From Michael Barton's interview with Adrian Desmond and James Moore about their new book, Darwin's Sacred Cause: Race, Slavery and the Quest for Human Origins:
2009 is the Darwin Bicentenary, as well as the 150th anniversary of the publication of his Origin of Species. Why has it taken so long to discover the moral motivation behind Darwin’s theories of sexual selection and human origins?Read the complete Q & A.
The Descent of Man hasn’t been read, much less read carefully. Over and over, scholars have called it `two books’ crushed together (and it is unwieldy, over 900 pages). That’s one reason. Another is this: only in the last generation have Darwin’s private notebooks, letters and marginal jottings become fully available. Without these, it was difficult to trace the development of his views on human origins. Above all, though, there has been great reluctance to see Darwin as more than a heroic `genius’ uncovering pure gems of `truth' beyond the vision of ordinary mortals. To most of his admirers, Darwin was a `great scientist’ getting on with a great scientist’s proper job, not a Victorian gentleman with a moral passion making all life kin by solving that contemporary `mystery of mysteries’, how living species originate. But historians today see Darwin quite differently: they emphasize the social and historical context that made it possible for Darwin or anyone to craft a theory from available cultural resources. One such resource in Darwin’s world was anti-slavery, the greatest moral movement of his age. Our thesis is that the anti-slavery values instilled in him from youth became the moral premise of his work on evolution. Many scientists and philosophers think that explaining genius and its insights as we do saps the power of science and, given the challenge of creationism, is an act of treachery. The reluctance to dig beneath the surface of Darwin’s books into the social and cultural resources of his times is as dogged as ever.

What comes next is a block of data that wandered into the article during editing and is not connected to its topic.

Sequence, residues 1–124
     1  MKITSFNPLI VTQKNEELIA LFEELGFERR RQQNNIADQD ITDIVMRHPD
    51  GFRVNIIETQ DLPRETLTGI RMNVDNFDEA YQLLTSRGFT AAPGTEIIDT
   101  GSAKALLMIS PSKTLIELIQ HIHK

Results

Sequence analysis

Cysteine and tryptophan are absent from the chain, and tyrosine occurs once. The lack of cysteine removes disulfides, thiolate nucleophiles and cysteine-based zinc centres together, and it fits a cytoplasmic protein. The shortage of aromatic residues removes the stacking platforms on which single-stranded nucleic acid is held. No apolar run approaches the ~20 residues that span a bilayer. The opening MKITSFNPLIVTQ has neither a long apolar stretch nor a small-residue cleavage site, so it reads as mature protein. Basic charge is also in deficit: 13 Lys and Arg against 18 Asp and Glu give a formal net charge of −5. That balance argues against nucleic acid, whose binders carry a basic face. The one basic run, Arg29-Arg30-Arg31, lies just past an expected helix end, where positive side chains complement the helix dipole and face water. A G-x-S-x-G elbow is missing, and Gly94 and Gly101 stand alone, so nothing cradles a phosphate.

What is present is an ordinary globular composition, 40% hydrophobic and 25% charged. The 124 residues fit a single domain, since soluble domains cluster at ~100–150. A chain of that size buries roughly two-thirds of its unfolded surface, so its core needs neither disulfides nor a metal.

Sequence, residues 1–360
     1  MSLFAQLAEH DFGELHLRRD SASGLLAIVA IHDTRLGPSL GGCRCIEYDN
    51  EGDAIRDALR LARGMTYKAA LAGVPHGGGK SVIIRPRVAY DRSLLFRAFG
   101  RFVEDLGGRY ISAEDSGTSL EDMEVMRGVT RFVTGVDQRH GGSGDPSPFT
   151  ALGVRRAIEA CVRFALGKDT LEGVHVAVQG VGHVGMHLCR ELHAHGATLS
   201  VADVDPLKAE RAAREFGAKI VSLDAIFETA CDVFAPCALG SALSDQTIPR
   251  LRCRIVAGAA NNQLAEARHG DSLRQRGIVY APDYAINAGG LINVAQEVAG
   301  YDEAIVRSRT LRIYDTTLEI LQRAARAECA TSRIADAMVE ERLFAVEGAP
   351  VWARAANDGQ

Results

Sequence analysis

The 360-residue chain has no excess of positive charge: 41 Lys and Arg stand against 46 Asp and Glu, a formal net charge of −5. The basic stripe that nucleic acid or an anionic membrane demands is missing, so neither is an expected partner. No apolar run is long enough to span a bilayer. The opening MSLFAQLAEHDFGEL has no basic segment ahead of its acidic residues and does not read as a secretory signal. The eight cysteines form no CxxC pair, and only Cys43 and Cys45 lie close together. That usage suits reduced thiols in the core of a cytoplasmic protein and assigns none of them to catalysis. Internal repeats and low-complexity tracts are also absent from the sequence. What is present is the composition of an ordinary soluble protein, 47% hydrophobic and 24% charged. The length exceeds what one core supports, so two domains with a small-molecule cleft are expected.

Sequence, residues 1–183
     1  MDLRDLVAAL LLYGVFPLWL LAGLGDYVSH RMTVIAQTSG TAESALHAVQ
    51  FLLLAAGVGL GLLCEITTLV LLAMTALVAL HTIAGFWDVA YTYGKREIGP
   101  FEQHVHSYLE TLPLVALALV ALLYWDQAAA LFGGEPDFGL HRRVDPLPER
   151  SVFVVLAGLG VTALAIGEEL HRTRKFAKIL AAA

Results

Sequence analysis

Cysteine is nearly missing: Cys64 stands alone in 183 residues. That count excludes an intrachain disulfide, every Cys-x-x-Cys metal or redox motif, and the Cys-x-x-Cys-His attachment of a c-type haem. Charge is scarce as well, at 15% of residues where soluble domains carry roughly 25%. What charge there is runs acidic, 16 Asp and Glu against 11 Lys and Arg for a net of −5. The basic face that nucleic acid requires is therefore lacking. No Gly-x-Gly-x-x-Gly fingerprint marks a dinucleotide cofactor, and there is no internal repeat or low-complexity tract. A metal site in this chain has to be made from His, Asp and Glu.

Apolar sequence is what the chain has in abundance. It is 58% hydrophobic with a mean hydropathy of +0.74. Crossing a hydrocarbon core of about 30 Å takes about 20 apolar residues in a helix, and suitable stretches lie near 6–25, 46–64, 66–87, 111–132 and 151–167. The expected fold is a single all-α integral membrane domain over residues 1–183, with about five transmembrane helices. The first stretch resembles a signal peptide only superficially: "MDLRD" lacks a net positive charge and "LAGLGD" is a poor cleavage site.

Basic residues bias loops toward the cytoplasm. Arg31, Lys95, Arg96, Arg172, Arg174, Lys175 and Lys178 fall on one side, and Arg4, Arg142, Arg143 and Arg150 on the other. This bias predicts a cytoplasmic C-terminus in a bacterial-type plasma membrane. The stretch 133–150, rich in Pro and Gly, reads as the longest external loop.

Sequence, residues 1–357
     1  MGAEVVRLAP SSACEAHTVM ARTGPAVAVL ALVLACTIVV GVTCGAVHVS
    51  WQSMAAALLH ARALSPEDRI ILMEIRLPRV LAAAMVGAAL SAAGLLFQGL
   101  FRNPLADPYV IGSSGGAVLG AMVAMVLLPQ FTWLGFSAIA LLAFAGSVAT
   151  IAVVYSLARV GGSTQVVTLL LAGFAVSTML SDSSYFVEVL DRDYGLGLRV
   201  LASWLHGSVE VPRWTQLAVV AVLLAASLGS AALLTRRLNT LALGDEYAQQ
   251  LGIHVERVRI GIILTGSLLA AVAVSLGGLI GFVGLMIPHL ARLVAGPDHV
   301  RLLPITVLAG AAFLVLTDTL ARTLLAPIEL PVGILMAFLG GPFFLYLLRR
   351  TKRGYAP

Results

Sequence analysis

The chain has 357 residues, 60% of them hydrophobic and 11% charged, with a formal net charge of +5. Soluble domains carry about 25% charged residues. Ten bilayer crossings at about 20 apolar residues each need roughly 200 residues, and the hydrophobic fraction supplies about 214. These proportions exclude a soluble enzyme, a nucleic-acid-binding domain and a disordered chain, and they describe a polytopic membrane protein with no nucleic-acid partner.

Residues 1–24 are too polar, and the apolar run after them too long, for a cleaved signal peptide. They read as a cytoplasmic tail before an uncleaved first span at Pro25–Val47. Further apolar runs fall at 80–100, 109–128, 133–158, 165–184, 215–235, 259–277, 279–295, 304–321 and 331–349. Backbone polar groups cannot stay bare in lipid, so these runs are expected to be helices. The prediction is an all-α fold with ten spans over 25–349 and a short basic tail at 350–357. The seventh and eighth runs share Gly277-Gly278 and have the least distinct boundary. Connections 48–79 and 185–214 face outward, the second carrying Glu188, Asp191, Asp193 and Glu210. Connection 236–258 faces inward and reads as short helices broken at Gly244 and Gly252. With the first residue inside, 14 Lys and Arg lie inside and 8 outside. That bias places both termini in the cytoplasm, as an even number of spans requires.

And why is Darwin’s moral motivation important?
This is perhaps the most radical and upsetting idea: that there was a moral impetus behind Darwin's work on human evolution - a brotherhood belief, rooted in anti-slavery, that led to a 'common descent' image for human ancestry, an image that Darwin extended to the rest of life, making not just the races, but all creatures brothers and sisters. In his family `tree of life’, all share a common ancestor. It’s vital to realize that Darwin’s science wasn’t the `neutral’, dispassionate practise of textbook caricature; it was driven by....[read on]